Olga Sergienko - Observations show that iceberg calving from tidewater and outlet glaciers is accompanied by the glaciers' acceleration. However, it is unclear whether acceleration of glacier flow causes calving or iceberg calving triggers glacier acceleration. In order to gain deeper understanding of such glaciers’ behavior and account for it in large-scale ice-sheet models, we have been developing simplified parameterizations of the outlet and tidewater glaciers’ flow and analyzing available observations to test and validate them.Hal Ritchie - In December 2007 Canada accepted official designation as the Issuing Service for meteorological Marine Safety Information in the form of forecasts / warnings and ice bulletins for METAREAs XVII and XVIII as part of the Global Maritime Distress and Safety System. These areas are in the Arctic bordering on Canada. An important part of Environment Canada’s involvement is the development of an integrated marine Arctic prediction system and satellite products in support of monitoring and warnings. In particular, our group is working on the development, validation and implementation of marine forecasts using a regional high resolution coupled multi-component (atmosphere, land, snow, ice, ocean and wave) modelling and data assimilation system to predict near surface atmospheric conditions, sea ice (concentration, thickness, pressure, drift, ice edge), freezing spray, waves and ocean conditions (temperature and currents). The core of the system consists of the GEM (Global Environmental Multi-scale) model as the atmospheric component coupled to the NEMO (Nucleus for European Modelling of the Ocean) ocean model, the CICE ice model and the WAVEWATCHIII® wave model. An ice-ocean data assimilation system is being developed in collaboration with Mercator-Océan using their system for ocean data assimilation together with the ice analysis system developed at Environment Canada. The METAREAs research and development is a cornerstone activity within the Canadian Operational Network of Coupled Environmental PredicTion Systems (CONCEPTS). This presentation will provide an overview of these activities, illustrate systems implemented and developments in progress as we approach the completion of the first phase of METAREAs, and discuss plans for future operational systems.Wanqiu Wang - Improvements in the skill of long-range forecasts for Arctic sea ice can stem from many sources. One such source is the correct initialization of sea ice thickness (SIT). Despite its perceived importance, however, the influence of the observed information in initial SIT on the prediction is not well incorporated in the current generation of operational forecast systems. As an example, the initial SIT in the current National Centers for Environmental Prediction (NCEP) Climate Forecast System (CFS) is from the Climate Forecast System Reanalysis (CFSR) which contains substantial SIT errors. The erroneous initial SIT used in CFS is an important factor limiting its sea ice prediction skill. In this talk we will discuss some known SIT errors in the CFSR and their possible impacts on the seasonal sea ice prediction in the CFS. We will then present some preliminary results which show that CFS sea ice prediction can be improved by initializing SIT from the well validated Pan-arctic Ice/Ocean Modeling and Assimilation System (PIOMAS). These results indicate that a better initialization of SIT for CFS is required to enhance its sea ice predictions.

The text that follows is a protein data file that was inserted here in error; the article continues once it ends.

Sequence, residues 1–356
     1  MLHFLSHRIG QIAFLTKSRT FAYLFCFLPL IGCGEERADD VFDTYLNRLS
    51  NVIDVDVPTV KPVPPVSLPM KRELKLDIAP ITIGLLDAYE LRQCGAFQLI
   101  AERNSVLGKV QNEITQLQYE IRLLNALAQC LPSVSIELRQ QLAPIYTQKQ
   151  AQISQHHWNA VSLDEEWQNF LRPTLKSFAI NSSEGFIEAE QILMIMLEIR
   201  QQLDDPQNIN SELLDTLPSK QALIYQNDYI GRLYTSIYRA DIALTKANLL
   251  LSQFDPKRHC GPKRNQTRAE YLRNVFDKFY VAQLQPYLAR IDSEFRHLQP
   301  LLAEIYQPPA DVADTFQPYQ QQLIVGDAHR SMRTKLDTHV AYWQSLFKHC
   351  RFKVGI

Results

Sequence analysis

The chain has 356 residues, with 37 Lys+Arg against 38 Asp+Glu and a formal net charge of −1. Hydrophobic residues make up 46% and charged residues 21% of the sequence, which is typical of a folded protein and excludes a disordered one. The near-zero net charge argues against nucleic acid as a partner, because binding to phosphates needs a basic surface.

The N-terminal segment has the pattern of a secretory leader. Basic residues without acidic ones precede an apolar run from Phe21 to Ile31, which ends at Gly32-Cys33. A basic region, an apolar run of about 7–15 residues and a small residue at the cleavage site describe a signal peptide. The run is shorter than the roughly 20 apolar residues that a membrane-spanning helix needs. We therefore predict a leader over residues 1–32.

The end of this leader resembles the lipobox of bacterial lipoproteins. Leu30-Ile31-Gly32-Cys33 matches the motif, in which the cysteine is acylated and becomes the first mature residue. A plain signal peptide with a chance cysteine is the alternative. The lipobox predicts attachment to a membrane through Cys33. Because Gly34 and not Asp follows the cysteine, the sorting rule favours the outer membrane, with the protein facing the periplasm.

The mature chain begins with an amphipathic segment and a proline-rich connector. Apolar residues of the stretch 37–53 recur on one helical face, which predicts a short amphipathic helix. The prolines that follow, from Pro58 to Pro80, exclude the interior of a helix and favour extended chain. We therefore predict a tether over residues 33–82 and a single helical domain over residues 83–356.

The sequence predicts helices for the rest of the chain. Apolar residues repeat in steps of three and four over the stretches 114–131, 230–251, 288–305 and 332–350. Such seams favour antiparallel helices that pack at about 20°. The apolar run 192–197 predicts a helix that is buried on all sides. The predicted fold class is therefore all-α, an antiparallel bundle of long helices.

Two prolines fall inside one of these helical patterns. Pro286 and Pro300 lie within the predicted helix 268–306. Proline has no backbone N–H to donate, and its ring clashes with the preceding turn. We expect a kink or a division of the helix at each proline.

Americans’ health, security and economic wellbeing are tied to climate and weather. Every day, we see communities grappling with environmental challenges due to unusual or extreme events related to climate and weather. In 2011, the United States experienced a record high number (14) of climate- and weather-related disasters where overall costs reached or exceeded $1 billion. Combined, these events claimed 670 lives, caused more than 6,000 injuries, and cost $55 billion in damages. Businesses, policy leaders, resource managers and citizens are increasingly asking for information to help them address such challenges.
Oceanic and Atmospheric Research (OAR)
National Oceanic and Atmospheric Administration (NOAA)
Department of Commerce
Climate Program Office
1315 East-West Hwy, Suite 1100 Silver Spring, MD 20910
Copyright 2018 by NOAA
NOAA Privacy Statement|
Web Accessibility Statement|
Disclaimer for External Links|
U.S. Department of Commerce|